Overall, while there are positives and negatives associated with Bank of America’s network groups, it is my belief that employees at this company are benefit tremendously from working for a company like Bank of America, which is willing to invest in them through the support of employee networks. Decision Making The fifth key factor to consider when evaluating the correlation between structure, culture and strategy at Bank of America is Decision Making. At Bank of America, Decision Making is very centralized which is not always a good thing.
Although there has been tremendous change in the last 5 years, most of the decisions driving the changes were from the top of the house. The different divisions of the business get direction from the executive team on how their areas of the business will be run. There also tends to be some “escalation of commitment” at times during decision making, even when the results say that the decision may not be the right one and a course correction may be in order. An example of this happened recently in the Consumer Banking division.
A change was made to how the banking centers would be structured and this decision resulted in a large amount of turnover as employees did not buy in right away to the change or understand the logic behind it. This is typical of how decisions are made in that line of business but this particular decision did not hit the mark and a minor revolt ensued. What’s Working and What’s Not I think my company has much to learn when it comes to how some decisions are made and how they are communicated to employees.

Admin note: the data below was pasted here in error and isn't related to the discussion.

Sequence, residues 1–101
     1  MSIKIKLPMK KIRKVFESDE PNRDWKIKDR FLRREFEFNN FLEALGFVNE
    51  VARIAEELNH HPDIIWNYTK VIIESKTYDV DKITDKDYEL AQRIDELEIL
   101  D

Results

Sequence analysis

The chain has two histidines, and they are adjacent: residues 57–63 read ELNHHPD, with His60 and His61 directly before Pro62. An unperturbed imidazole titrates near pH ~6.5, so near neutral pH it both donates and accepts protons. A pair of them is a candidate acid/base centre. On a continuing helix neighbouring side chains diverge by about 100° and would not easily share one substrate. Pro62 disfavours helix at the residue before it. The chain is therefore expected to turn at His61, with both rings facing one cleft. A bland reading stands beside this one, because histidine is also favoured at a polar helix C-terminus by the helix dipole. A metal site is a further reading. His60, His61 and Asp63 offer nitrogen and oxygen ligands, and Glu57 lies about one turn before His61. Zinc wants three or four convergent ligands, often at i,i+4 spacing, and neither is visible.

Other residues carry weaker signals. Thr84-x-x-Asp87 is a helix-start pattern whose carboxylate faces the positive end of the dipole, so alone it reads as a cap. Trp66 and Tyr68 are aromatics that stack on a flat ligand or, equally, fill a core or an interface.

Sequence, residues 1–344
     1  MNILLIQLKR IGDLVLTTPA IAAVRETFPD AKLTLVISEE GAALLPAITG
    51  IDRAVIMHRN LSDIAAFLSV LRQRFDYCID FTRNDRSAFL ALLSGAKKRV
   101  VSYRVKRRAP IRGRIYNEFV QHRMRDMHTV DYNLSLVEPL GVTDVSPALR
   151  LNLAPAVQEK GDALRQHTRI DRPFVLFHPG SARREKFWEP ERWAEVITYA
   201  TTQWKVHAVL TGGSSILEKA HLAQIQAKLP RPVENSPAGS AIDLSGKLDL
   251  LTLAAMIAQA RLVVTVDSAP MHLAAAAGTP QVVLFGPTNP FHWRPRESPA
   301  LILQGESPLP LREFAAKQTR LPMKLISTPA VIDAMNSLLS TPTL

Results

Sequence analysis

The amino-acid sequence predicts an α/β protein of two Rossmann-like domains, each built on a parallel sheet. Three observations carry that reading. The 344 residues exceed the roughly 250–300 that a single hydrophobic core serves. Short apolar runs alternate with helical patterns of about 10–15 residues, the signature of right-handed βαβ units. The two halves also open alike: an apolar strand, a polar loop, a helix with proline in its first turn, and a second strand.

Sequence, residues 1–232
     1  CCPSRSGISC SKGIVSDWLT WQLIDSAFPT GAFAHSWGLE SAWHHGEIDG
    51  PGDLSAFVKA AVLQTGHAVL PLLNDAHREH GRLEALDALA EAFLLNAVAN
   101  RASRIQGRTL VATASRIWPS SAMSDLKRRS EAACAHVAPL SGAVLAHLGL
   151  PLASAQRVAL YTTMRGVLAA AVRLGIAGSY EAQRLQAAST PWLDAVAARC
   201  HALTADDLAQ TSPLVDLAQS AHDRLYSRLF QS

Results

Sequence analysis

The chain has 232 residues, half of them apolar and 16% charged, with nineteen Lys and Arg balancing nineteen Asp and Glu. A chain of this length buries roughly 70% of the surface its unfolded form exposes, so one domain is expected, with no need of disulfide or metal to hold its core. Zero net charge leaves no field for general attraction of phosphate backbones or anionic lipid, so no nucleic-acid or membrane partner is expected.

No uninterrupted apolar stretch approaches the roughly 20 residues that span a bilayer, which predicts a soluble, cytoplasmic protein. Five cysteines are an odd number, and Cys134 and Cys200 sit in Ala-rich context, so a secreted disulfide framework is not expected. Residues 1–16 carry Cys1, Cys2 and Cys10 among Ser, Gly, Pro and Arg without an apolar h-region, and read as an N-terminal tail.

What would be truly helpful is an employee survey to solicit true and honest feedback from employees prior to making changes. Gaining buy in is the part that is ultimately missing in the decision making process at Bank of America. While decision making is one of the areas of opportunity at Bank of America, there lots of positive changes that have come about in recent years and as long as those continue on, we are heading in the right direction and will continue to produce shareholder value.
Strategy The sixth key factor to consider when evaluating the correlation between tructure culture and strategy at Bank of America is Bank of America’s overall strategy is to bring the full power of the franchise to customers, through the power of every connection. Strategy is about designing a plan to create value for shareholders, employees and customers. If you read the About Us page on the company website, the company’s mission is stated as “Serving the core financial needs of people, companies and institutional investors, delivering our capabilities through our eight lines of business.
The eight lines of business are Retail Banking, Preferred and Small Business, Merrill Lynch Wealth Management, U. S. Trust, Business Banking, Global Commercial Banking and Global Corporate and Investment Banking. In other words, Bank of America is saying “yes we know we are a large company but this is an asset to our customers because we have the resources and ability to take care of every financial need along in the journey of their financial life. The bank has made tremendous stride to define and execute its strategy in the 5 years I have been employed here.
I remember 5 years ago when I started working at Bank of America, in a banking center, having a customer ask me how they could apply for a car loan and not having any idea what area of the bank I could and should direct them to so that we could have a chance to earn their car loan business. I reached out to my manager at the time, and he also didn’t know who I should direct the customer to and recommended that I tell the customer to apply online. Since then, things have definitely changed.